Ticking Time bomb! - Hundreds of lives at risk as criminals steal gasolene from moving tankers
Thousands of persons who travel on Marcus Garvey Drive in the Corporate Area on a daily basis face a real danger, as some desperate young men steal petrol from moving tankers in the vicinity of the Petrojam Refinery.
The young men can be seen at odd hours of the day skipping and weaving through traffic, buckets in hand, as they race alongside the tankers, feverishly opening valves to drain out whatever petrol is left in the lines of the vehicles as they enter the refinery for filling.
With the extremely flammable nature of the petrol, a single spark could cause a fire and the explosion of the tanker, which could then affect the nearby gas station, the refinery and anyone in the area.
"It is dangerous; because somebody can be smoking right there, the cars can be driving for long time and have hot exhaust; or a car might be defective, and if it is defective and the exhaust is broken close to the manifold and you have fire coming out of the engine, that could be a fire hazard also," noted Dr Noel Brown, head of the School of Engineering at the University of Technology.
"It is a dangerous practice and should not be encouraged," warned Brown.
Recently installed general manager of Petrojam, Howard Mollison, is well aware of the danger caused by this illegal practice.
According to Mollison, Petrojam has made the police aware of the illegal and dangerous daily occurrence.
"It has been going on for some time, and the police are aware of it and, in fact, they have conducted operations out there from time to time to prevent it," Mollison told The Sunday Gleaner.
"This happens on the public thoroughfare and that is outside of our jurisdiction. But recognising the risk to our business, the general public and the tanker drivers, we are the ones that quite often initiate the action from the police," added Mollison, as he indicated his concern about the risk being posed to the refinery, the general public using the roadway and the tanker drivers and their assistants, as well as to the individuals who are stealing the gasolene.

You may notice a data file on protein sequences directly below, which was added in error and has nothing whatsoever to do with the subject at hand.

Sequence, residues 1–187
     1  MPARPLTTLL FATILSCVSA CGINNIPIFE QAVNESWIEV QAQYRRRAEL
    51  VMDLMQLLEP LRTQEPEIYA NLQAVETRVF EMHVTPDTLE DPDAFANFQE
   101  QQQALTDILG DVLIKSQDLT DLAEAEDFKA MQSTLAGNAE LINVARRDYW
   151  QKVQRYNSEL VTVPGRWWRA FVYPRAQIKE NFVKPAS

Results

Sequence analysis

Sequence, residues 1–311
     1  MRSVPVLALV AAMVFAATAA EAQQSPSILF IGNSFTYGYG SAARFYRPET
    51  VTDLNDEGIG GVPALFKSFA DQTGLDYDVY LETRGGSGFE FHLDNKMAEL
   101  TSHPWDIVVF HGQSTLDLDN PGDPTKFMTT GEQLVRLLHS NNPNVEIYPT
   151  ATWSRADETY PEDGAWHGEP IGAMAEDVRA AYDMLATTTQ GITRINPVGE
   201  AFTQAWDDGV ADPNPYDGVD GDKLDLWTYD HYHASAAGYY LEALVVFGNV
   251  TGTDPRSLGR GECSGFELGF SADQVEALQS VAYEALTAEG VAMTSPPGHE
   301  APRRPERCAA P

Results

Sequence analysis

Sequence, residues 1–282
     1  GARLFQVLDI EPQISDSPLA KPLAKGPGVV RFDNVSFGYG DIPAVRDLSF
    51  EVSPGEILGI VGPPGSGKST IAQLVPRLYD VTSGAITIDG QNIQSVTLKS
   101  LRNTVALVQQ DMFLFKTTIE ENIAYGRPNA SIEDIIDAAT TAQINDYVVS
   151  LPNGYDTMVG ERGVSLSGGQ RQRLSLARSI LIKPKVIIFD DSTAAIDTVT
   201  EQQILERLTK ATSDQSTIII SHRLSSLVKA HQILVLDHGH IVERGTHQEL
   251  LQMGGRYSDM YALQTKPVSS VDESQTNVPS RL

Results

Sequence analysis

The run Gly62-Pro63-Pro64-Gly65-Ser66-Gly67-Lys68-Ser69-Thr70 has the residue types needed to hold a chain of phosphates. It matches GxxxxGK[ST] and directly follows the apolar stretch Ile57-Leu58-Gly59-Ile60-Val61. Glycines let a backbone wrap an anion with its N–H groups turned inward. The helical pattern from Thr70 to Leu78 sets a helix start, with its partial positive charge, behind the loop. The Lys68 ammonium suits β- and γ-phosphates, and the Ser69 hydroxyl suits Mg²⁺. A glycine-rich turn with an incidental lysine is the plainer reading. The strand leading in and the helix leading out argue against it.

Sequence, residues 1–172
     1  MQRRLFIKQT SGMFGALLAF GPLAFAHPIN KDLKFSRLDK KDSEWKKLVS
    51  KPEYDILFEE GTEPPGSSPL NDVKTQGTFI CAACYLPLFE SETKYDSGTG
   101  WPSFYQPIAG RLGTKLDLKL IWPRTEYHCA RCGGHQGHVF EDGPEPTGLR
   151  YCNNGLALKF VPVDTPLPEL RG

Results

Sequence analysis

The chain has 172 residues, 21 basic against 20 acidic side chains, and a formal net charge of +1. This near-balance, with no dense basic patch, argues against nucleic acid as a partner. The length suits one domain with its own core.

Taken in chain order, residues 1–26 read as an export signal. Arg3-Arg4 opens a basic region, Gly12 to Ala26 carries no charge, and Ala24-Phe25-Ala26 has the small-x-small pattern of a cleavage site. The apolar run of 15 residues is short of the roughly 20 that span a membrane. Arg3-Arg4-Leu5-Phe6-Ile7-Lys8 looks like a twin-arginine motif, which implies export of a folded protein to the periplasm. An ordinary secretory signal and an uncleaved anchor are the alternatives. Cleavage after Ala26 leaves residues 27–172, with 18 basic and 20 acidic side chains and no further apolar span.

"In terms of the dangers that kind of activity poses, first of all, it is a risk to the people carrying out the activity themselves," said Mollison.
"They stand the chance of creating a fire, and one can have a full appreciation of a fire of that nature; you run the risk of causing an explosion in terms of the tanker itself, and the impact that it will have on the persons operating the tanker and anybody passing in the general vicinity of where you have a fire of that nature.
"Plus, the gas station and refinery are right there, and there is also the potential of incremental exposure and damage and, in fact, it could be quite catastrophic," noted Mollison.
The Petrojam general manager further noted that any form of interaction between metal and concrete, or metal and metal, can create a spark that could ignite.
"So an accident or somebody throw a cigarette butt out of a car, or you can have somebody smoking a cigarette. It is ridiculous to the point where somebody saw somebody out there smoking a (ganja) spliff while stealing the gas."
When our news team visited the area last week, two of the men seen stealing the petrol from one of the tankers in the middle of the day were covered from head to toe with gasolene.
This places them at great health risk associated with exposure to the gasolene over a prolonged period of time, even as they expose scores of Jamaicans to a clear and present danger.
But the young men argued that they had to take the chance because it is their only means of survival.
"Some way or the other wi have to look it. Wi nah go grab nutten and mek no police kill wi," said one young man as he sought to justify the illegal and dangerous activity.
"More while, wi get all a one bucket or a half bucket fi di day, but it add up," he added, as he disclosed that stolen petrol is sold just across the road from the refinery, with a five-gallon bottle going for $2,000.
Mollison charged that those who purchase the stolen fuel are just as culpable as the bandits.
"Persons must realise how dangerous it is to purchase fuel in that manner, and also clearly that it cannot be fuel that is obtained legally that is being disposed of in that way," said Mollison.
"And persons who purchase accordingly must recognise that they are also breaking the law; they are receiving the stolen property."